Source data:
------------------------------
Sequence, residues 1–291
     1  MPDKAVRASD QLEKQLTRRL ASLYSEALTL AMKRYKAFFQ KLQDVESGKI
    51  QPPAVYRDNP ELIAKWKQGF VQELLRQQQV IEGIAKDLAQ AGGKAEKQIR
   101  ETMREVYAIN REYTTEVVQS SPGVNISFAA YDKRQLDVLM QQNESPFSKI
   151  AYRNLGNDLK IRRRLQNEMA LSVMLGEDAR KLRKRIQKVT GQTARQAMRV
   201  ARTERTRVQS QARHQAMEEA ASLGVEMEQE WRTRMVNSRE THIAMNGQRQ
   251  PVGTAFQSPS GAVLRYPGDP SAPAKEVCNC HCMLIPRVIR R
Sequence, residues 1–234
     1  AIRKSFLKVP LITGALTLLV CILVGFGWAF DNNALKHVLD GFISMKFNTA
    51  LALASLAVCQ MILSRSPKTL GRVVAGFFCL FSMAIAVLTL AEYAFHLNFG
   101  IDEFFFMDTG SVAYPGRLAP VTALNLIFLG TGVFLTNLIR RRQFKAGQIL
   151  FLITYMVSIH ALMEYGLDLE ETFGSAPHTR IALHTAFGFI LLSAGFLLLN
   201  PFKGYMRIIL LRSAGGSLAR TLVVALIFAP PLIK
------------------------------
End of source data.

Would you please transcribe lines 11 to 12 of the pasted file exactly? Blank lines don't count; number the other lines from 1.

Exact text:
   101  IDEFFFMDTG SVAYPGRLAP VTALNLIFLG TGVFLTNLIR RRQFKAGQIL
   151  FLITYMVSIH ALMEYGLDLE ETFGSAPHTR IALHTAFGFI LLSAGFLLLN